The School has an agreement with the Institute and Faculty of Actuaries under which students who obtain an average of more than 60% in any of the following combinations of modules will gain exemption from subject CT3 Probability and Mathematical Statistics.This applies to all of the undergraduate the courses offered by the School of Mathematical Sciences.
G12PMM Probability Models and Methods
G12SMM Statistical Models and Methods
G12PMM Probability Models and Methods
To obtain the exemption, students need to contact the Institute directly, providing a copy of their transcript.
Two thirds of the first year is devoted to mathematics. You will study core mathematics with modules in Calculus, Linear Mathematics and Analytical and Computational Foundations, as well as modules in probability and statistics. The remaining third of the first year is comprised of modules devoted to financial topics such as Microeconomics for Business, Financial Accounting and Business Finance.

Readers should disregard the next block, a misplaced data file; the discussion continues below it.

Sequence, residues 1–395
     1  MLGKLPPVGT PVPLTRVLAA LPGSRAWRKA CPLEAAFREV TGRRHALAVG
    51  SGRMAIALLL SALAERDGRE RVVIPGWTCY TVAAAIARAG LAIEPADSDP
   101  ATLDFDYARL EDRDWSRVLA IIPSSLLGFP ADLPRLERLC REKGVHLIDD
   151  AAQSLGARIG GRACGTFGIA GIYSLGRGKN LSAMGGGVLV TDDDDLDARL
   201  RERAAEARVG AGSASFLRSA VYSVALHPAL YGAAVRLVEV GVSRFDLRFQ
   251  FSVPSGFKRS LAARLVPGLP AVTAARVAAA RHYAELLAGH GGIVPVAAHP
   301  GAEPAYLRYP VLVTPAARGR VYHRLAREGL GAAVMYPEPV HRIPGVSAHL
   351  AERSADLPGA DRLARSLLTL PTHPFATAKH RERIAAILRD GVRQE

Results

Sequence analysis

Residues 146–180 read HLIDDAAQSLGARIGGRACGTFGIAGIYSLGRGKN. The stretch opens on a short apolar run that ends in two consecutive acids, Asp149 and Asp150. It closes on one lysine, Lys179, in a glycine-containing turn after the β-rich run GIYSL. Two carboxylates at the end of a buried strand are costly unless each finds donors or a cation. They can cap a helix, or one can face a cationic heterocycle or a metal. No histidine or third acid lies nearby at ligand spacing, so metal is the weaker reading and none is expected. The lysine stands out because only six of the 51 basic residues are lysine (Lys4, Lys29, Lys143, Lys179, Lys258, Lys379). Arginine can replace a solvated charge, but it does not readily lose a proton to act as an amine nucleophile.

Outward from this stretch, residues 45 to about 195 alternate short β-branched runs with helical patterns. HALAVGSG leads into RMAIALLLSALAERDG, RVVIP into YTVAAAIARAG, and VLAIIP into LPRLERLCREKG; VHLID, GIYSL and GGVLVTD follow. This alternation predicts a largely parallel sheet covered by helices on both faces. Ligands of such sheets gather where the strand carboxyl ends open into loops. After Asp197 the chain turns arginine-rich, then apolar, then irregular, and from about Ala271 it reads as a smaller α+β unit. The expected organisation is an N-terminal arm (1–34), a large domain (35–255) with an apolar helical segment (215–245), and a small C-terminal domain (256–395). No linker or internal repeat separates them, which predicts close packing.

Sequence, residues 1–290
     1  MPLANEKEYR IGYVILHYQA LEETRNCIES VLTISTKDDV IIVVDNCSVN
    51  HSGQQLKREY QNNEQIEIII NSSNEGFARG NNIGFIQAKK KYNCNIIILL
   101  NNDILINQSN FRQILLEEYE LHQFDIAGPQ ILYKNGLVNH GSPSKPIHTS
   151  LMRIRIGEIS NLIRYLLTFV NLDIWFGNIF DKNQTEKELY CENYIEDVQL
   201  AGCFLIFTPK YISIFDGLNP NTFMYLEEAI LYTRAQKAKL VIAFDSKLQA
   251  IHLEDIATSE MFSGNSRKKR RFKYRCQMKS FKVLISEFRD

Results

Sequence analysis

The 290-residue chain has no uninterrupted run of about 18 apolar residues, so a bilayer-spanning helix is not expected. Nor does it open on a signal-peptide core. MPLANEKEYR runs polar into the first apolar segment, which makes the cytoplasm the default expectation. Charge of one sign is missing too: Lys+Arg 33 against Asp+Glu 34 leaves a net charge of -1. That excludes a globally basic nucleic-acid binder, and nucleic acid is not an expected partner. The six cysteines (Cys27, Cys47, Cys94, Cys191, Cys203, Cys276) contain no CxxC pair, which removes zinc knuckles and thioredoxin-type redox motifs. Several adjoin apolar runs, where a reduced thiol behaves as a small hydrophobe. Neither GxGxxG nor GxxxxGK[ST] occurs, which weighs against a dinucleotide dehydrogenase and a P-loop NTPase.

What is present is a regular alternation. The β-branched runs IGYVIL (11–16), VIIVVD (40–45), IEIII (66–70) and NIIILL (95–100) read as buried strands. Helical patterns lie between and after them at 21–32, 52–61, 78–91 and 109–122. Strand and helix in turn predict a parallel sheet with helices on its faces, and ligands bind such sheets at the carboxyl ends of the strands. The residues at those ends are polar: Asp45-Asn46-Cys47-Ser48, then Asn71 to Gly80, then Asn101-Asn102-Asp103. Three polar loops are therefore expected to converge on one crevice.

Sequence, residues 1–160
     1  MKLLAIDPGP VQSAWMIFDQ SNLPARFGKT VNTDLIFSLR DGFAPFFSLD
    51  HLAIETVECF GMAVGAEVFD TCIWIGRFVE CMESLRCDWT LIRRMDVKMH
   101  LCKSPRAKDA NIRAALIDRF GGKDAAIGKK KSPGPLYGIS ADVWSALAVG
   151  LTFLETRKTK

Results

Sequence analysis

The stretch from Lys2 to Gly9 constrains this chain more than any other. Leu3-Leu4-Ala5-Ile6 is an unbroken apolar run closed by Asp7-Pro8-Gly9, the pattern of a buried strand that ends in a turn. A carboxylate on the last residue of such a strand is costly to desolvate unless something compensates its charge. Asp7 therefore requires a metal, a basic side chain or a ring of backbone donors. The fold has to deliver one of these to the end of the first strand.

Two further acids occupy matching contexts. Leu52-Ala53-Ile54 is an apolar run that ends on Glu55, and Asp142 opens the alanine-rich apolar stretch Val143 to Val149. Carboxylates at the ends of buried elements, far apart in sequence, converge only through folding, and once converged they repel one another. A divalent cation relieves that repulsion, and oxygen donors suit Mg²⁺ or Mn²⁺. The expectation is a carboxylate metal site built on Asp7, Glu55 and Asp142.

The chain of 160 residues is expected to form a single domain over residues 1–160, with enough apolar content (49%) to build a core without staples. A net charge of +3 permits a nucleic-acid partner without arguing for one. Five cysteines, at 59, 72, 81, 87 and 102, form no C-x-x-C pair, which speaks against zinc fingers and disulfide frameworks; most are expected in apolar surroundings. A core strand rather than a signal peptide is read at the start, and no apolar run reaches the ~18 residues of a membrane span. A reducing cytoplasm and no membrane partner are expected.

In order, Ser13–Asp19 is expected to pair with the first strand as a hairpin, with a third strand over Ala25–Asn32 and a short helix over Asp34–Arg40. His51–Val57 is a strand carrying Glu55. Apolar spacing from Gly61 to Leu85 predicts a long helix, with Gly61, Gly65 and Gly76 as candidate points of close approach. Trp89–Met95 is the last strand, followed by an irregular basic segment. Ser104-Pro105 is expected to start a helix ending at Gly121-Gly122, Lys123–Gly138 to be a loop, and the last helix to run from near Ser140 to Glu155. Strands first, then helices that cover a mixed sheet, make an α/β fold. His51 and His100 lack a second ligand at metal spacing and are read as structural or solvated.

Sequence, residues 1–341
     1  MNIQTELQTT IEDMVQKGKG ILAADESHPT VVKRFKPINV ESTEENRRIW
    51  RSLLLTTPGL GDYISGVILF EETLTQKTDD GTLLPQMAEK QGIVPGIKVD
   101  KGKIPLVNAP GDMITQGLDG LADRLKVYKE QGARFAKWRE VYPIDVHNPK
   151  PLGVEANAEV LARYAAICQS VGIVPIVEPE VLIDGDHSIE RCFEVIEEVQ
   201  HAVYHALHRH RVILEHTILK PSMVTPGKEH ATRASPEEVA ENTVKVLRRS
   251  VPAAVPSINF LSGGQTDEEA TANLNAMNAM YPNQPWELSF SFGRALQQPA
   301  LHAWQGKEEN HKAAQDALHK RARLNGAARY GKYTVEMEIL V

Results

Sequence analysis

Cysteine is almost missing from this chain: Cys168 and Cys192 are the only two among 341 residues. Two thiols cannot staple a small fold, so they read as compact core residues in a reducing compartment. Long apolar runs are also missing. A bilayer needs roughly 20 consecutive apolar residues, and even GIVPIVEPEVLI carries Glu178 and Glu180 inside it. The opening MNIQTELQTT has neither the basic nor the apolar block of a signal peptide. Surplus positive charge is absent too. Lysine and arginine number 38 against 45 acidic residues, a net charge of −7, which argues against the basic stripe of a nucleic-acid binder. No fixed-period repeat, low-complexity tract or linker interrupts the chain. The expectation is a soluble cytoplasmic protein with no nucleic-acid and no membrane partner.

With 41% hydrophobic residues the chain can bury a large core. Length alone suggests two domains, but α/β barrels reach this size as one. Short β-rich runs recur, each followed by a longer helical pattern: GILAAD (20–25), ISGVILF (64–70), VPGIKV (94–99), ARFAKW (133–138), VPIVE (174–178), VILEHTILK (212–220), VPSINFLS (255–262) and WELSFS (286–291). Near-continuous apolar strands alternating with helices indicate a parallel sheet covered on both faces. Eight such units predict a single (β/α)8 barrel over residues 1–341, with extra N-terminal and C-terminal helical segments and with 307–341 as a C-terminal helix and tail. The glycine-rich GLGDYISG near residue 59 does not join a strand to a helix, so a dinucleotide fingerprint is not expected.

Three-quarters of the year is devoted to mathematics, with modules that extend your expertise in probability and statistics, enhance your computational and numerical skills, and develop the more general skills that are important for careers in mathematics and finance. The remaining quarter is devoted to financial topics such as Financial Management, Computational Finance and Financial Reporting.
At least two-thirds of the year is spent studying more advanced mathematical topics relevant to finance, including modules such as Mathematical Finance, Stochastic Models and Game Theory. You will also choose from a range of financial modules such as Financial Economics, Financial Markets and Corporate Finance.